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To have 30% of this compound in its unionised form when the bulk pH is 7, would require a surface pH of about 3.4, which is lower than anticipated. Again, however, we must remember that absorption and ionisation processes are dynamic processes. As the unionised species is absorbed, so the level of [U] in the bulk falls and, because of a shift in equilibrium, more of the unionised species appears in the bulk. In fact, if a pH of 5.3 is taken as the pH of the absorbing surface, the results in Table 9.2 become more explicable, as we discuss in the next section.

9.1.3 Problems in the quantitative application of the pH-partition hypothesis

There are several reasons why the pH-partition hypothesis cannot be applied quantitatively in practical situations. Some are discussed here.

Variability in pH conditions

The variation in the stomach pH in human subjects is remarkable, bearing in mind that each pH unit represents a ten-fold difference in hydrogen ion concentration. While the normally quoted range of stomach pH is 1-3, studies using pH-sensitive radiotelemetric capsules have shown a greater spread of values, ranging up to pH 7 as seen in Fig. 10.2 in Chapter 10. This means that the dissolution rate of many drugs will vary markedly in individuals - this is indeed one of the reasons for individual-to-individual variation in drug availability.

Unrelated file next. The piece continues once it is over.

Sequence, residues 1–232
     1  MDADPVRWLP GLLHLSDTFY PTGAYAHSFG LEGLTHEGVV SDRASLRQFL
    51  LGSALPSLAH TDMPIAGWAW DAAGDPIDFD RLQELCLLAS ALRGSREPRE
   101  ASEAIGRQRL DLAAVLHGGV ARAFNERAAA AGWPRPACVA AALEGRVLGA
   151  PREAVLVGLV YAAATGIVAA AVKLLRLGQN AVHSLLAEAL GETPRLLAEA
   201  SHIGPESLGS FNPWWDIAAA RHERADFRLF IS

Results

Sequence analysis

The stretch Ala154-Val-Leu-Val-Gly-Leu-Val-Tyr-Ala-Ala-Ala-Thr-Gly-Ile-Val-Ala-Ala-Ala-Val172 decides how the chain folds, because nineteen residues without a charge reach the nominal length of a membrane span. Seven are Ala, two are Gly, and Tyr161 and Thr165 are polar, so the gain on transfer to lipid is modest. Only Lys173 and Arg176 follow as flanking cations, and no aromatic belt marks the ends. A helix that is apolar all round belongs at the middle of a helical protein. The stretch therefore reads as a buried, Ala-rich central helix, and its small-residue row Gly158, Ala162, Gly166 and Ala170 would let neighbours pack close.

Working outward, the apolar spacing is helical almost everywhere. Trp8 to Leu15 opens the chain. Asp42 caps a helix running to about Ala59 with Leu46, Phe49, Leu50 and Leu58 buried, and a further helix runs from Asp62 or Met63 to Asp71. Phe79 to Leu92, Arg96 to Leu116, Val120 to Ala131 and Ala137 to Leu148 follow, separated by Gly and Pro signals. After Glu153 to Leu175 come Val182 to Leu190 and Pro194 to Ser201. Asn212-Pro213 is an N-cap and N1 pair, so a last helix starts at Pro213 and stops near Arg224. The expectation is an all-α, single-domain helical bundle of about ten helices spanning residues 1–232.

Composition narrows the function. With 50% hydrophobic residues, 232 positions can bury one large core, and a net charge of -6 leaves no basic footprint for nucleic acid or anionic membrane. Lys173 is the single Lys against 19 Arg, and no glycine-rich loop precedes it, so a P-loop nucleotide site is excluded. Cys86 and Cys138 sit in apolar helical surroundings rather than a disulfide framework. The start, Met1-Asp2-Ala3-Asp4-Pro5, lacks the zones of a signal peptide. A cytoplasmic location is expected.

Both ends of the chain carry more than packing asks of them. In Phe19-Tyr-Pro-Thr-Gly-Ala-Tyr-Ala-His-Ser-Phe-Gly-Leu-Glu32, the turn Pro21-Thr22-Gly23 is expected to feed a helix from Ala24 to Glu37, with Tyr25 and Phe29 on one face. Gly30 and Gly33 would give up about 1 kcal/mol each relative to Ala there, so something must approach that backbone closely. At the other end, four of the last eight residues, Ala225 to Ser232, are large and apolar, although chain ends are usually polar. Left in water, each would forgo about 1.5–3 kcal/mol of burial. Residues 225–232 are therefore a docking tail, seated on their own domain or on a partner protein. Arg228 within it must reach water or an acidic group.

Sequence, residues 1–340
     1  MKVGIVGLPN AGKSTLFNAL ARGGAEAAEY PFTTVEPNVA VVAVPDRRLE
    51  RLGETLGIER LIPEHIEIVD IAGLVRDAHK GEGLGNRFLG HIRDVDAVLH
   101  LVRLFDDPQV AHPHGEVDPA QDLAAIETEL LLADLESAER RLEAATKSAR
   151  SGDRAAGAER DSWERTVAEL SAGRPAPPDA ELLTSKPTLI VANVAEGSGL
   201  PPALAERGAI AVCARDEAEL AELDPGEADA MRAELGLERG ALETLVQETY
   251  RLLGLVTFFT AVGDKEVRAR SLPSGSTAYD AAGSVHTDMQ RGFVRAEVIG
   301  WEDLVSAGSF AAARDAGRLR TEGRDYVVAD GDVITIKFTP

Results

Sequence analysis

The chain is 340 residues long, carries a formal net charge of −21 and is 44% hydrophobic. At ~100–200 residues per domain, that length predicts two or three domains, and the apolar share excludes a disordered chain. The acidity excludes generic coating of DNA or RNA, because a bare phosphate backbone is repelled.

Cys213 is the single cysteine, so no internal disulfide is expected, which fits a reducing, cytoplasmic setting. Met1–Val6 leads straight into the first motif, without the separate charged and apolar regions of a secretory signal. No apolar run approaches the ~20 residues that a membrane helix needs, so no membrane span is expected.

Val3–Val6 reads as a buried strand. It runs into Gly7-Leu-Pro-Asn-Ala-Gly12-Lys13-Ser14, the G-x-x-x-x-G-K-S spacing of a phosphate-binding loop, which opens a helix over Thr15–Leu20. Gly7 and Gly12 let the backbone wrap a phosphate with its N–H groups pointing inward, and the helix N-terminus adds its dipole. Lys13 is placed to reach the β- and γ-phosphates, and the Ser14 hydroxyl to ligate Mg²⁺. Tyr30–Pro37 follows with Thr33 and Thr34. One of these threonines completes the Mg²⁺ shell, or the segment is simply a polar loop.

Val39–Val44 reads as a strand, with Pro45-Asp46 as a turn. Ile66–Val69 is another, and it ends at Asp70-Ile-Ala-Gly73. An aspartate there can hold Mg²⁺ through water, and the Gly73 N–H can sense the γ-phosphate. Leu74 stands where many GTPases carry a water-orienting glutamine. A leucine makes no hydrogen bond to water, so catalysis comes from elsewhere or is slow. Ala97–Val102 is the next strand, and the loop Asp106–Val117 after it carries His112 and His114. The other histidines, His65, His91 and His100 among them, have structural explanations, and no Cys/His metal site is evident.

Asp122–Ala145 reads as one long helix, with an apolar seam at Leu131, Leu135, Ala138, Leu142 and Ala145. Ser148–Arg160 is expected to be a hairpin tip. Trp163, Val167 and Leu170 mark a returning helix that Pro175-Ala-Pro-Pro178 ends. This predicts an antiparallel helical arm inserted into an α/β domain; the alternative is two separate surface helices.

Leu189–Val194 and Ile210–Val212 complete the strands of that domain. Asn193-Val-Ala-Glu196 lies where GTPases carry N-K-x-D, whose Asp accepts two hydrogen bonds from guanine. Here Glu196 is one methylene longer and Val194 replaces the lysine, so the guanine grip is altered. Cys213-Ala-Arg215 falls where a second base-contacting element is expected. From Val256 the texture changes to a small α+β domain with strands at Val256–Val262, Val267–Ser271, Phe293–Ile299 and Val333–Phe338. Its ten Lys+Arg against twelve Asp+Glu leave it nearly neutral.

The scope for variation in the small intestine is less, although in some pathological states the pH of the duodenum may be quite low owing to hypersecretion of acid in the stomach. Table 9.3 lists the normal pH of

Table 9.3 pH of blood and contents of the human

alimentary tracta

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